Applied Kanban Values: Transforming the PMO, Part 3

In part one I touched briefly on plans and forecasts. In this post about customer focus and flow for the PMO i come back to them.

Flow: don’t work in the system, work on the system

In our PMO we had plans covering about three to 15 months: there were high-level milestone plans, mid-level milestone plans and low-level detailed milestone plans.

Good high-level plans provide a clear overview and a base for conversation. But people also like plans because plans give you confidence that you know exactly what needs to be done when to achieve a certain result. They also clearly state when an activity has to start in order not to postpone all the following activities and are therefore excellent to chase development teams with. If you just manage all those activities and milestones hard enough you will follow the plan. You learn to move deviations from the plan to the change log, to highlight external dependencies early and to add risk buffers generously.

However, it requires considerable work to keep the plans updated, not to mention the explanations you need to provide whenever a milestone slips (and that’s a very common milestone behaviour). So you will soon need more people to help.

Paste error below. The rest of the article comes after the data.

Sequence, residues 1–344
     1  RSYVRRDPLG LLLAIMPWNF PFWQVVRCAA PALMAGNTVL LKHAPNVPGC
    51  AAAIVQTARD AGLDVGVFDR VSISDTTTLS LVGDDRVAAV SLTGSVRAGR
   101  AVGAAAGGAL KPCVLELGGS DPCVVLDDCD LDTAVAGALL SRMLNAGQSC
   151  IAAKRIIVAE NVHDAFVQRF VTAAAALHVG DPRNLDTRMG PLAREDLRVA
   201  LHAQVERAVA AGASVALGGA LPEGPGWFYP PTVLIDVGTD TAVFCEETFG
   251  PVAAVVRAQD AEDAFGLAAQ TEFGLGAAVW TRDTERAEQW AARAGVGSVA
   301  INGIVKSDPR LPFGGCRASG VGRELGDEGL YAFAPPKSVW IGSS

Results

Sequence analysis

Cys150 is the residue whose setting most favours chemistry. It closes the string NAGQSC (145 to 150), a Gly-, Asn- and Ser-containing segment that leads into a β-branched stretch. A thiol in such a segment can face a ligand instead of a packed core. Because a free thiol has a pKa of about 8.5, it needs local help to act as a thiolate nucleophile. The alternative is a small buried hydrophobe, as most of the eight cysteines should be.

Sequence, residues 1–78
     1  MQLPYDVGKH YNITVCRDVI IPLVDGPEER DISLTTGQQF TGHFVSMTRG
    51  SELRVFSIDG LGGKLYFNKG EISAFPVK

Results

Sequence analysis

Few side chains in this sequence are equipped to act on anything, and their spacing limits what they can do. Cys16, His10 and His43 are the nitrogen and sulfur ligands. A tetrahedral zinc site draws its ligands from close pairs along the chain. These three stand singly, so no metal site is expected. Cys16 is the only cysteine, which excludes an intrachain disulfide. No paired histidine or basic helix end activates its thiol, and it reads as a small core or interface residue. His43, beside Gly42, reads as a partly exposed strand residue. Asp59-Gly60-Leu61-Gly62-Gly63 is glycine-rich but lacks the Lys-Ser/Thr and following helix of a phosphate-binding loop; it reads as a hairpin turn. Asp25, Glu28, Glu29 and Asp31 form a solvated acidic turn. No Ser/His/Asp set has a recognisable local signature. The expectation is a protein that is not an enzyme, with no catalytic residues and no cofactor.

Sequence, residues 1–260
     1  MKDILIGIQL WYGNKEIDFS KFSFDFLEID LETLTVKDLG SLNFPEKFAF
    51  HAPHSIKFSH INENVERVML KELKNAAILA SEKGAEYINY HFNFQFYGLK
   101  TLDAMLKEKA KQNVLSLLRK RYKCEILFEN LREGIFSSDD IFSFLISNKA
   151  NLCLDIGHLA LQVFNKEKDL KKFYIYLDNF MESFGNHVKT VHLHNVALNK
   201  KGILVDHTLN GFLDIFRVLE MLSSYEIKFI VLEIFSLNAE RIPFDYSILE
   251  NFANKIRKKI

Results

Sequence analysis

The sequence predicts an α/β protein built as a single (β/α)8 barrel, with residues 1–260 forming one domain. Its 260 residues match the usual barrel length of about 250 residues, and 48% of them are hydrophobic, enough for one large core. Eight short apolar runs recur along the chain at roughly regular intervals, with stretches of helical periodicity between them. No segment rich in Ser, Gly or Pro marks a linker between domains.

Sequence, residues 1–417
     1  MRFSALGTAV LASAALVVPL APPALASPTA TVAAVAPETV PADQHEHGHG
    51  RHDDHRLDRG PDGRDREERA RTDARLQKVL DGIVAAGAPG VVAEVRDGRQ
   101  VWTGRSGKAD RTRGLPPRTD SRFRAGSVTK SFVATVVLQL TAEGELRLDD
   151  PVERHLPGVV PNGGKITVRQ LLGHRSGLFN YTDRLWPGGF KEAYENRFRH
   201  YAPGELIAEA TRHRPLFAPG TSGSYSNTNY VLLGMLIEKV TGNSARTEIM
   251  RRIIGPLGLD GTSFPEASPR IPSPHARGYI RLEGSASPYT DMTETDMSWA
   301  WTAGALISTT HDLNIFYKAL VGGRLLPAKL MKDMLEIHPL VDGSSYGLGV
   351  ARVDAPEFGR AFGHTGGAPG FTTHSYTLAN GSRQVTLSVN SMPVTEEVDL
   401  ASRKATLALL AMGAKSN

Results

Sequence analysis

Picking one value,  I think Flow is the key one in this context. It’s what really challenges established artefacts and processes. It’s what requires another mindset, another language and another leadership.

So we needed to ask ourselves whether we shared these values.

Don’t work in the system, work on the system.

Customer Focus: Faster Feedback

Earlier, I also mentioned that Continuous Delivery was part of our agreed vision.  Another part was Faster Development in order to Shorten Time to Market and get Faster Learning Loops.

To a large extent this program was about shifting technology: we had a well-performing product live which would enable valuable A/B testing. Two main business benefits should cater for the investment. We knew we would need multiple learning phases to achieve the desired outcome. There were also external dependencies to manage.

Given the portfolio items and dependencies: how can we start harvesting benefits as soon as possible and when would that be?

We experimented with simulation to learn more and to model probability of when business benefits could be fulfilled.  This then formed forecasts that would replace the earlier detailed plans.

So, we went from clear detailed milestone plans to forecasts embracing dependencies, learning loops and uncertainty. Be careful: this change requires a master in stakeholder communication. I think our first forecast that we shared was more or less interpreted as We have absolutely no clue and it took time to find a working visualisation.

This is how we pictured our forecasts. By using words like experiment, walking skeleton and ramp-up we emphasised the need for learning and improving. We could also pedagogically show how uncertainty increased exponentially over time.


By then we had come to another level on our journey to continuous delivery and gained more confidence.  This together with our forecasts helped move daily focus to a much shorter timeframe than before: to faster feedback and customer value.

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